“Those who have known her longest say that she has not changed, unless it be to grow more beautiful—were that possible. Only, when she thinks I am not about to see her, her face grows very sad, and, oh, so wistful. She thinks ever of you, my father, and all Helium mourns with her and for her. Her grandfather’s people love her. They loved you also, and fairly worship your memory as the saviour of Barsoom.
“Each year that brings its anniversary of the day that saw you racing across a near dead world to unlock the secret of that awful portal behind which lay the mighty power of life for countless millions a great festival is held in your honour; but there are tears mingled with the thanksgiving—tears of real regret that the author of the happiness is not with them to share the joy of living he died to give them. Upon all Barsoom there is no greater name than John Carter.”
“And by what name has your mother called you, my boy?” I asked.
“The people of Helium asked that I be named with my father’s name, but my mother said no, that you and she had chosen a name for me together, and that your wish must be honoured before all others, so the name that she called me is the one that you desired, a combination of hers and yours—Carthoris.”
Xodar had been at the wheel as I talked with my son, and now he called me.
“She is dropping badly by the head, John Carter,” he said. “So long as we were rising at a stiff angle it was not noticeable, but now that I am trying to keep a horizontal course it is different. The wound in her bow has opened one of her forward ray tanks.”
It was true, and after I had examined the damage I found it a much graver matter than I had anticipated. Not only was the forced angle at which we were compelled to maintain the bow in order to keep a horizontal course greatly impeding our speed, but at the rate that we were losing our repulsive rays from the forward tanks it was but a question of an hour or more when we would be floating stern up and helpless.
We had slightly reduced our speed with the dawning of a sense of security, but now I took the helm once more and pulled the noble little engine wide open, so that again we raced north at terrific velocity. In the meantime Carthoris and Xodar with tools in hand were puttering with the great rent in the bow in a hopeless endeavour to stem the tide of escaping rays.
It was still dark when we passed the northern boundary of the ice cap and the area of clouds. Below us lay a typical Martian landscape. Rolling ochre sea bottom of long dead seas, low surrounding hills, with here and there the grim and silent cities of the dead past; great piles of mighty architecture tenanted only by age-old memories of a once powerful race, and by the great white apes of Barsoom.
It was becoming more and more difficult to maintain our little vessel in a horizontal position. Lower and lower sagged the bow until it became necessary to stop the engine to prevent our flight terminating in a swift dive to the ground.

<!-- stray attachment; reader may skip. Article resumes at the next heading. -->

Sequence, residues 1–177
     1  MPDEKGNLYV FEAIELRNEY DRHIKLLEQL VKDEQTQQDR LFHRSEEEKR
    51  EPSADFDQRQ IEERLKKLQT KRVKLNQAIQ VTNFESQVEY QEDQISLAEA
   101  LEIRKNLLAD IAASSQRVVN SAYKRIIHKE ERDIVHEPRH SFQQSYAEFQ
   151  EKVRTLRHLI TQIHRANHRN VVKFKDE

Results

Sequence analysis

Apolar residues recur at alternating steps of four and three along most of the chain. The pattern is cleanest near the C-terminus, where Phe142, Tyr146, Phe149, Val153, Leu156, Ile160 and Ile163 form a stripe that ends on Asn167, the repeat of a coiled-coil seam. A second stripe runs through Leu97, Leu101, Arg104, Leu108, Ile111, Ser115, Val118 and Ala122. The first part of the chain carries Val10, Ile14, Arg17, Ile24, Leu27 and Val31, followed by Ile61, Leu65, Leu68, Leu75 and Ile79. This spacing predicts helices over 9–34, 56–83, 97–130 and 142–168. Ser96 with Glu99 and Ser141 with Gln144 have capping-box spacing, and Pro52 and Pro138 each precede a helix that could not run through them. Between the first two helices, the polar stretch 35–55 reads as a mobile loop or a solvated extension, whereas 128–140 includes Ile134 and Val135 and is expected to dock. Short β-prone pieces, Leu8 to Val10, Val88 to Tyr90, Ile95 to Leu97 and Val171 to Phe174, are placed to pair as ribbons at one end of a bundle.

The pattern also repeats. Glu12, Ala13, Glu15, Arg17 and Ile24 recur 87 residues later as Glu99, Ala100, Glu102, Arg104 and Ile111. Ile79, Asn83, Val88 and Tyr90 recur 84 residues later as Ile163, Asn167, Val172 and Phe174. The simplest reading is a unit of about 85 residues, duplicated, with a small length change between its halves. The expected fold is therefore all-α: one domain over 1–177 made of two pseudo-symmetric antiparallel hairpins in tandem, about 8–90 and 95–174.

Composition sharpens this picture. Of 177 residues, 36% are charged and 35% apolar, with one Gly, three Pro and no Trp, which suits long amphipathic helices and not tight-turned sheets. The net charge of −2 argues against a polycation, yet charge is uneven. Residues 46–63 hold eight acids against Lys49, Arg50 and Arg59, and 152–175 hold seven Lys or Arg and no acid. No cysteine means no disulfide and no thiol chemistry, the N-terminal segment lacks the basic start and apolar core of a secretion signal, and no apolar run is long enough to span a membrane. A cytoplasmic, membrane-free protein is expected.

As the sun rose and the light of a new day swept away the darkness of night our craft gave a final spasmodic plunge, turned half upon her side, and then with deck tilting at a sickening angle swung in a slow circle, her bow dropping further below her stern each moment.
To hand-rail and stanchion we clung, and finally as we saw the end approaching, snapped the buckles of our harness to the rings at her sides. In another moment the deck reared at an angle of ninety degrees and we hung in our leather with feet dangling a thousand yards above the ground.
I was swinging quite close to the controlling devices, so I reached out to the lever that directed the rays of repulsion. The boat responded to the touch, and very gently we began to sink toward the ground.
It was fully half an hour before we touched. Directly north of us rose a rather lofty range of hills, toward which we decided to make our way, since they afforded greater opportunity for concealment from the pursuers we were confident might stumble in this direction.
An hour later found us in the time-rounded gullies of the hills, amid the beautiful flowering plants that abound in the arid waste places of Barsoom. There we found numbers of huge milk-giving shrubs—that strange plant which serves in great part as food and drink for the wild hordes of green men. It was indeed a boon to us, for we all were nearly famished.
Beneath a cluster of these which afforded perfect concealment from wandering air scouts, we lay down to sleep—for me the first time in many hours. This was the beginning of my fifth day upon Barsoom since I had found myself suddenly translated from my cottage on the Hudson to Dor, the valley beautiful, the valley hideous. In all this time I had slept but twice, though once the clock around within the storehouse of the therns.
It was mid-afternoon when I was awakened by some one seizing my hand and covering it with kisses. With a start I opened my eyes to look into the beautiful face of Thuvia.
“My Prince! My Prince!” she cried, in an ecstasy of happiness. “‘Tis you whom I had mourned as dead. My ancestors have been good to me; I have not lived in vain.”